Have you ever noticed that your DTF prints feel stiff and uncomfortable to the touch after they are completed?

This may be annoying, particularly if you’re making something that you will wear or use regularly. Hard prints might make your finished product seem unprofessional and turn away buyers.

To soften your DTF prints and make them more pleasant for your consumers, you can use a number of strategies.

Understanding hard print reasons and trying multiple approaches will help you make high-quality items that match your requirements and delight your clients.

In this blog article, we’ll examine the numerous factors that contribute to the stiffness and discomfort of DTF prints and provide you useful advice on how to soften them. This tutorial will help you make beautiful, comfortable & softer DTF prints, whether you’re a beginner or an expert.

How do I make my DTF Print Softer & Less Plasticky

Understanding the Causes of Hard Prints

The transfer film’s quality, which is essential for DTF printing, greatly affects the final texture and feel of the print. Too thick or stiff transfer film might produce a harsh, unpleasant print. It’s crucial to choose transfer films that are particularly made for soft prints, or films that are thinner and more flexible, to prevent this.

Pressure and heat settings – Printing pressure and heat may also impact texture. High pressure or heat may attach the ink or toner to the cloth, making the print tougher. Adjust the pressure and heat to bind the ink or toner without hardening the print for a softer print.

The kind of fabric used – The kind of cloth used for DTF printing has an impact on the print’s final surface. Cotton, polyester, and other soft textiles are more comfortable. Soft, lightweight textiles make softer prints, whereas heavier, rougher fabrics create harsher prints.

The ink or toner used for DTF printing may also alter the print’s texture. Certain inks and toners produce hard, durable prints, while others produce soft, comfy prints. An improved end result may be achieved by using ink or toner that is particularly made for soft printing.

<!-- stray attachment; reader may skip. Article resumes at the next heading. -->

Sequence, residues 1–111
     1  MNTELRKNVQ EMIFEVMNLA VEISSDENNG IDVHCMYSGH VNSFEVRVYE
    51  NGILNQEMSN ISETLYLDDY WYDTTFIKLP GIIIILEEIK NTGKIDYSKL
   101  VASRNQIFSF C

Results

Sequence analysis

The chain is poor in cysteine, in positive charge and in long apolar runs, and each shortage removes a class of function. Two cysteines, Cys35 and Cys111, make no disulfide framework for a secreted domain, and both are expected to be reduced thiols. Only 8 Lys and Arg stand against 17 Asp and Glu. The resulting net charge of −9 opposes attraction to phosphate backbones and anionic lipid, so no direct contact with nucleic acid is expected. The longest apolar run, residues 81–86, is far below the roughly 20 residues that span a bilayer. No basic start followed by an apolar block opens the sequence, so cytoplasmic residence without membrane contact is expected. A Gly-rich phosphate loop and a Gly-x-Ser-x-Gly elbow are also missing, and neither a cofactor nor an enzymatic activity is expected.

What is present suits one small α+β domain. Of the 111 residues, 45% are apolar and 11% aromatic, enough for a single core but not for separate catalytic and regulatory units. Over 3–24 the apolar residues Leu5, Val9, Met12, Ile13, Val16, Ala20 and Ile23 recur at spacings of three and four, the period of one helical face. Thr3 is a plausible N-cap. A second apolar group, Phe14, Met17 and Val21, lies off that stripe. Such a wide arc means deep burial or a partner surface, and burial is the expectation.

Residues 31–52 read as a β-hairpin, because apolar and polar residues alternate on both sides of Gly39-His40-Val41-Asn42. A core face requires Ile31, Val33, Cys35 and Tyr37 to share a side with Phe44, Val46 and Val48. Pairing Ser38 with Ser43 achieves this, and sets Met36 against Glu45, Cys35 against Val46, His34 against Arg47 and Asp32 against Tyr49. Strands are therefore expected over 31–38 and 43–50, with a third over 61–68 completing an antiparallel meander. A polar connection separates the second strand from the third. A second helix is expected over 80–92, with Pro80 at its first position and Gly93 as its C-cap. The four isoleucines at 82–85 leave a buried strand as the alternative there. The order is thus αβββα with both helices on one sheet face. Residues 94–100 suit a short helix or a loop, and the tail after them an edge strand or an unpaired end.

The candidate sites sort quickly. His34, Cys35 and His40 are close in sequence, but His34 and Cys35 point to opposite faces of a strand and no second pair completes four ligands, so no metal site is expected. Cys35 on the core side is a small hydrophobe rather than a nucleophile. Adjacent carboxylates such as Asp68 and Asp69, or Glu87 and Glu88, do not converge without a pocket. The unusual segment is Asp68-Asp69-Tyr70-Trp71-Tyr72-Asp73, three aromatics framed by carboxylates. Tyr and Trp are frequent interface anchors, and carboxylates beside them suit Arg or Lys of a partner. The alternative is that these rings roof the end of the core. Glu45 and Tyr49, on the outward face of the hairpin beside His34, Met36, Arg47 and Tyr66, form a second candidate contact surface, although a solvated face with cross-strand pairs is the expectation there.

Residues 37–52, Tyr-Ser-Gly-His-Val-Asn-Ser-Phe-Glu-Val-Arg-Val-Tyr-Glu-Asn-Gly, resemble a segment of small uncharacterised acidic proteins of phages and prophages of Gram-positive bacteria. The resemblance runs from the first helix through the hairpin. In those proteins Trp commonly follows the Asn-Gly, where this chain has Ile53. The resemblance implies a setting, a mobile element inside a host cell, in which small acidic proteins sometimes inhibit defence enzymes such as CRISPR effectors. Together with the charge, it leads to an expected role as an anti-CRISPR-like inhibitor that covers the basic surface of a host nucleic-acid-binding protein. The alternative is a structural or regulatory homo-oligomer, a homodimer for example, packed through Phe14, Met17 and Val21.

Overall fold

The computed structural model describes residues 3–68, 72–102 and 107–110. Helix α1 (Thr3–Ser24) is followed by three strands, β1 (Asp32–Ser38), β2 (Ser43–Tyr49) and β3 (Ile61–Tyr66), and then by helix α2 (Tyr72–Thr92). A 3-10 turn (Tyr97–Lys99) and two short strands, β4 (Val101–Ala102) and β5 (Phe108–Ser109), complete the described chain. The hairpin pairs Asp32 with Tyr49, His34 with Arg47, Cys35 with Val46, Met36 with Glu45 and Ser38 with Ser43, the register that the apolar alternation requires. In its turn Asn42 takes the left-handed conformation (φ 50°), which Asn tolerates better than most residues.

How do I make my DTF print softer?

Making your DTF prints feel soft is not that complex. Just follow these simple tips to achieve it:

Choosing the right transfer film

dtf transfer films

DTF printing transfer film selection depends on many aspects. Start by looking for films made especially for soft prints. These films are thinner and more flexible, making them softer. Transfer film colour is also important.

In comparison to opaque films, clear or transparent films may provide a softer print. Next, take attention to the transfer film’s adhesive. If you want a softer print, it’s crucial to pick a film with a softer adhesive since certain adhesives are more stiff than others.

Adjusting the pressure and heat settings

As stated, pressure and heat settings during printing may dramatically alter the print’s texture. You may need to reduce the pressure or heat in order to get a softer print.

It’s crucial to keep in mind that the precise settings will vary depending on your particular printer and ink or toner. Try out several settings and make test prints until you discover the ideal pressure/heat ratio that yields a plush, comfy print.

Using a softer fabric

DTF printing’s texture depends on the cloth you print upon. Cotton or rayon may help soften a design. Pre-washing the cloth softens and removes chemicals and coatings that make it feel tougher.

Using soft-hand ink or toner

To produce flexible and soft prints, soft-hand ink or toner is used. A unique ingredient in these inks or toners gives them extra flexibility and stretchability.

But it’s important to remember that inks or toners with a soft hand may not last as long as those with a hard hand. This is something to think about if your prints will be washed often or used frequently.

Adding a softening agent to the ink or toner

Using a softening agent in the ink or toner is an alternative method for producing soft prints. Softening agents disrupt the link between ink or toner and cloth, resulting in a softer print.